After-school, summer program funding threatened

March 23, 2015

First-grader Torin Kelley, left, faces off with Ansel Sanchez, 1st grade, in a game of checkers, as Camille Rico, 1st grade, looks on in the Laytonville after-school program.

Advocates for after-school programs will be holding a national summit in Los Angeles on Tuesday to build opposition to a plan to eliminate $1.15 billion in federal funding for after-school and summer programs.

U.S. Sen. Lamar Alexander, R-Tennessee, has proposed ending 21st Century Community Learning Centers grants to states. He is the chair of the U.S. Senate Committee on Health, Education, Labor & Pensions. The committee is revising the Elementary and Secondary Education Act (ESEA), often referred to as No Child Left Behind, which includes the community learning center funding.

The committee’s revision is expected to be presented to the Senate on April 13, said Jodi Grant, executive director of the Afterschool Alliance, an advocacy group based in Washington, D.C., which is taking part in the summit.

A similar proposal to eliminate the funding by the House of Representatives was pulled at the end of last month, Grant said.

Unlike most states, California also has a well-funded state program, the After School Education and Safety Program, which provides $550 million each year. But that funding is limited to K-9 students in after-school programs. It cannot be used for older students or for summer programs.

California schools still rely on the federal dollars – more than $127 million in 2014-15 – to provide before- and after-school and summer programs.

Across the country, about 1.6 million students participate in programs funded by the community center grants each year, according to the Afterschool Alliance. In a recent report, the alliance found that 19.4 million children nationwide would participate in these programs if funding were available. The estimate is based on a survey of parents across the country in spring 2014.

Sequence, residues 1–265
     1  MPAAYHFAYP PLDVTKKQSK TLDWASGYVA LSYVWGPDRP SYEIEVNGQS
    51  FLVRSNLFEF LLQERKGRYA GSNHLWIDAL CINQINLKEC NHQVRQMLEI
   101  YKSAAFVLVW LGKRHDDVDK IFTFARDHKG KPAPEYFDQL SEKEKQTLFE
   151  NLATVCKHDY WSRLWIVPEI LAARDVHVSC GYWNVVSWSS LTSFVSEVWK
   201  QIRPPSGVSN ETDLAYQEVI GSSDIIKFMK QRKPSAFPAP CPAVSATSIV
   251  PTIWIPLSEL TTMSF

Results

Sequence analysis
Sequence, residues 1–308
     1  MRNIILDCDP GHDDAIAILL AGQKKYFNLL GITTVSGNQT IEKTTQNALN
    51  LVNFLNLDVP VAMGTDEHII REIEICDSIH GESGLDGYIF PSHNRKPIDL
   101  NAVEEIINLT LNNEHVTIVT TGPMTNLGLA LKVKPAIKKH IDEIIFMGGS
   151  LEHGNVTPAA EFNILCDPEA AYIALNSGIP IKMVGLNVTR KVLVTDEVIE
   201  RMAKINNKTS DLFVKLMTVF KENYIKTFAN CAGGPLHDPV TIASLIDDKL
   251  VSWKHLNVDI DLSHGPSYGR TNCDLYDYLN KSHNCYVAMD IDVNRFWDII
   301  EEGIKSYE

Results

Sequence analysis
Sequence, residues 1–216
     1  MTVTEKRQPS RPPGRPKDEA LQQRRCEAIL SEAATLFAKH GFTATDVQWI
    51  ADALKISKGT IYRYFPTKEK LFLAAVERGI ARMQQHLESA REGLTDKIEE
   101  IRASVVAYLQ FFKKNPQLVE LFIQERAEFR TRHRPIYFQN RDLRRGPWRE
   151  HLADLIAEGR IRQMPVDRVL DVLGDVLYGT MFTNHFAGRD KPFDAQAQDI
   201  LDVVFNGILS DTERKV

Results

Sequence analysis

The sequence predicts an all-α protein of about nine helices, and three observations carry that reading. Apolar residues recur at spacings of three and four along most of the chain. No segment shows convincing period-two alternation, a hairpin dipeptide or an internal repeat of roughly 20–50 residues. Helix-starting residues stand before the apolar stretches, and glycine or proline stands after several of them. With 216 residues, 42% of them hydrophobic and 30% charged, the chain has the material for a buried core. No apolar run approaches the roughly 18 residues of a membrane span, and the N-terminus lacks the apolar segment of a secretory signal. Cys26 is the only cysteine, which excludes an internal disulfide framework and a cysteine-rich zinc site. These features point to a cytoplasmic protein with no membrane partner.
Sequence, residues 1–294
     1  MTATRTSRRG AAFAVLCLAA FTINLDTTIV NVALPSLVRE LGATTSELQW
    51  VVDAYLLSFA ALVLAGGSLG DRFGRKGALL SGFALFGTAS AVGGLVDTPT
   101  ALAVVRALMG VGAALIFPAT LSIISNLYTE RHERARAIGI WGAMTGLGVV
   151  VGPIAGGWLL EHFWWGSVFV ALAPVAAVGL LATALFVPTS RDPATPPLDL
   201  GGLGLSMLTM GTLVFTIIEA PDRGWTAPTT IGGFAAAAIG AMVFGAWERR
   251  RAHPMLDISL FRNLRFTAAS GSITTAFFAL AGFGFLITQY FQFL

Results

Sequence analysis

California’s statewide after-school program survived budget cuts during the recession because a voter initiative created the program and allocated $550 million in a separate funding stream from K-12 education. It is just as important that federal after-school funding remain separate from other education funding, said Bonnie Reiss, global director with the University of Southern California Schwarzenegger Institute.

“If the funds are rolled into a pot of money for other things, districts have so many competing demands – pay increases, smaller class sizes – after-school funding would take a hit,” Reiss said.

The Schwarzenegger Institute is hosting the summit on Tuesday from 9:30 a.m. to 12:30 p.m. Speakers include former U.S. Secretary of Education Rod Paige, former Gov. Arnold Schwarzenegger, Superintendent Michael Hanson of Fresno Unified and Superintendent Chris Steinhauser of Long Beach Unified.


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